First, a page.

Paris – On Monday 27 July, 2020, a court in Cairo sentenced TikTok influencers, Mawada Al-Adham, Haneen Hossam and three other women who are yet to be named to two years in prison and a 300,000 Egyptian pound (€16,000) fine.
The women were found guilty of “violating the values and principles of the Egyptian family,” “human trafficking,” “sharing videos that incite immorality in order to increase their viewership and followers” and “encouraging teenage girls to publicly share videos to theirs in terms of immorality.” The three women who have not been named were also accused of engaging in inappropriate video calls with men.
Over the last few months, Egyptian authorities have been targeting female social media influencers as part of the regime’s crackdown on silencing the opposition. In April 2020, Haneen Hossam was accused of “inciting debauchery” after posting a video that encouraged young women to make money through live streaming. Drawing many hateful and sexist comments online, many accused her of promoting prostitution.
22-year-old Mawada Al-Adham was detained by authorities after posting videos that claimed to violate societal principles. She has also been accused of establishing and managing accounts on social media with the aim to promote acts which violate the “family principles and values of Egyptian society.” Egypt’s Ministry of Interior declared that Eladhm was arrested on charges of “violating family values” and “establishing, managing and using websites and social media accounts with the aim of committing those crimes.”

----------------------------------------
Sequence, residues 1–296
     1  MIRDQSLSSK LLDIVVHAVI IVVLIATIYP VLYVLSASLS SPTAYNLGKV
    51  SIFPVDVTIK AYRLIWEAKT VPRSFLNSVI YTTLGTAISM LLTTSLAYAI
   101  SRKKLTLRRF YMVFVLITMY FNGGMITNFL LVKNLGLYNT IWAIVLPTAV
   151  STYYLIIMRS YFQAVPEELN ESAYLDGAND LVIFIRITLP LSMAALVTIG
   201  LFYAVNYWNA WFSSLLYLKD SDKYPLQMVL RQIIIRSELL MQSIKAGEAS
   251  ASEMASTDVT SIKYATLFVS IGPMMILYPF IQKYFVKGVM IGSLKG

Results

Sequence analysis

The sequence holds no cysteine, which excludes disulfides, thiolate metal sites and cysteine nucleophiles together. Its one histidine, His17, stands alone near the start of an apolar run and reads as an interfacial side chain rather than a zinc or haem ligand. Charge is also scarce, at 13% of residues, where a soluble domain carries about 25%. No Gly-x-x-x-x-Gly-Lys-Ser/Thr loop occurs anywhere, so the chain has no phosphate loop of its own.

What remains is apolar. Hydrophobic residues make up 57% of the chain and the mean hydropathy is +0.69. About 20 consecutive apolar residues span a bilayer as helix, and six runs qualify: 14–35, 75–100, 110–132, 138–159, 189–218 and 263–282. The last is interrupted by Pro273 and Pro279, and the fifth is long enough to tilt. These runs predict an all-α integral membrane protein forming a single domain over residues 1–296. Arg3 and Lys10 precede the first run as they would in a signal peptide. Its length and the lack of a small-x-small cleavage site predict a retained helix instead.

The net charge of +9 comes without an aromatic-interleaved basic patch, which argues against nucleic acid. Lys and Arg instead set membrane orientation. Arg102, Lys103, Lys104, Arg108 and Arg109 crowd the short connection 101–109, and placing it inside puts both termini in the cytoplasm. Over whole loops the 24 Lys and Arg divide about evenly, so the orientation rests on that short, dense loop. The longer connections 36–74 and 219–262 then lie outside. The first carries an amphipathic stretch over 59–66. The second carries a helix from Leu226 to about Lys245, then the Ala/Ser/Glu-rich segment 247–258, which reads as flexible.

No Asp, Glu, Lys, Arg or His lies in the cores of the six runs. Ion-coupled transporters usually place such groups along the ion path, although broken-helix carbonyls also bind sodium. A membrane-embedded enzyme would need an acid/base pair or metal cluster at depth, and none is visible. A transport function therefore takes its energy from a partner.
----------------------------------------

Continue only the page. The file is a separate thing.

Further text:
The verdict however has sparked backlash on social media with many calling the debauchery and immorality charges a severe injustice. A digital campaign calling for the immediate release of all the women arrested and sentenced has been gaining in popularity. The campaign lists the names of the nine women and calls on Egypt to stop criminalizing diversity and to stop the systematic and organized crackdown of women on TikTok. Haneen Hossam, Mawada Al-Adham, Renad Emad, Menna Abdel Aziz, Sherry Hanem, Nora Hesham, Manar Samy, Hadeer Hady and Bassant Mohamed are all facing immorality charges.
AFDH said in a statement today, “Denying these women the right to their bodies and freedom of expression through social media is a violation of their human rights and digital freedom rights.”
Egypt’s law surrounding its society’s morals and traditions is often used very broadly and in a large spectrum of offences which allows authorities to make vague charges.
The court’s ruling has the opportunity to be appealed.